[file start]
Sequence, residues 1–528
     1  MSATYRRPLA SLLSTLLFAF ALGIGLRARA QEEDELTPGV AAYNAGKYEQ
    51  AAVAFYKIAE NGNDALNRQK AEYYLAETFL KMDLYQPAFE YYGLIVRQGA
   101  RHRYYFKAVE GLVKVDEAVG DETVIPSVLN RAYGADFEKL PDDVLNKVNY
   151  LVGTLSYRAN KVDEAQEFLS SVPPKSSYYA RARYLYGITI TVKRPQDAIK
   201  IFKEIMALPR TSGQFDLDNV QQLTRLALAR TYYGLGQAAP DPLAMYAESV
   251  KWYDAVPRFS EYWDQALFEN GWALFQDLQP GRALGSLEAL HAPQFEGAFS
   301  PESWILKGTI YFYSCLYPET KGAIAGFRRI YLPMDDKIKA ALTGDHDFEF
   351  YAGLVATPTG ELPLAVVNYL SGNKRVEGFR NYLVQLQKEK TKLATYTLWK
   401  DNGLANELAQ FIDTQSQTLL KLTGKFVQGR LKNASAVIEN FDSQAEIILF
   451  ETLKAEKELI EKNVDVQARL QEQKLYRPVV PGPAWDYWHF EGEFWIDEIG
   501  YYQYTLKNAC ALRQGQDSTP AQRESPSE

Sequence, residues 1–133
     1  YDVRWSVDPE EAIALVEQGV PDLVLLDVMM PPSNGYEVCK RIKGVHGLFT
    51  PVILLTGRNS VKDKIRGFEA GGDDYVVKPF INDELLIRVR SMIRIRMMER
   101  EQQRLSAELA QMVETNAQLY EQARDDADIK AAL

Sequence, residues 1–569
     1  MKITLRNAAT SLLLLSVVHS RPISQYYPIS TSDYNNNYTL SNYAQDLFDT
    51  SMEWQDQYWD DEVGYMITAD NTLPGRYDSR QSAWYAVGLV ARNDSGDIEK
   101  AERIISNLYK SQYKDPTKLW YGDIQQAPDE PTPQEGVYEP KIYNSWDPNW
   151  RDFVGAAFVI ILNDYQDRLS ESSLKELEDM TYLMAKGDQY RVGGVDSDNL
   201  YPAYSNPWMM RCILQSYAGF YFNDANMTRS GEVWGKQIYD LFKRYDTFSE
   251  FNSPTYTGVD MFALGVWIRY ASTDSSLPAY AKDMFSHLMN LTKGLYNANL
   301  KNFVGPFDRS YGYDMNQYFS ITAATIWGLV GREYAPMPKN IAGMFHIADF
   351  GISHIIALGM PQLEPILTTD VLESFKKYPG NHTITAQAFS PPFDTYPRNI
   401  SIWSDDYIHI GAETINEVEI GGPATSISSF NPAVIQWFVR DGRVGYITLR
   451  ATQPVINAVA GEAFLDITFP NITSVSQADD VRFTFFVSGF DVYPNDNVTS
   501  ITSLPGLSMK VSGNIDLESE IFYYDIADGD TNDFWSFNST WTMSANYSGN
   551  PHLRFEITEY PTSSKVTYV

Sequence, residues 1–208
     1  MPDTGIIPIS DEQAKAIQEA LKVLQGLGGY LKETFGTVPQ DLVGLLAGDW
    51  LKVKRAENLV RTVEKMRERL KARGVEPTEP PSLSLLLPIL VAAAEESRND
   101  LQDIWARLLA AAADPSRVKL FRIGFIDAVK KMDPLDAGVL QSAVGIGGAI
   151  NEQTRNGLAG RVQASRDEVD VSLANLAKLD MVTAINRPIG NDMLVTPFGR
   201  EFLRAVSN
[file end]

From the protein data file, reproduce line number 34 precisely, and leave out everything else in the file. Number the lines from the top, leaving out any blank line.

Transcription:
   151  NEQTRNGLAG RVQASRDEVD VSLANLAKLD MVTAINRPIG NDMLVTPFGR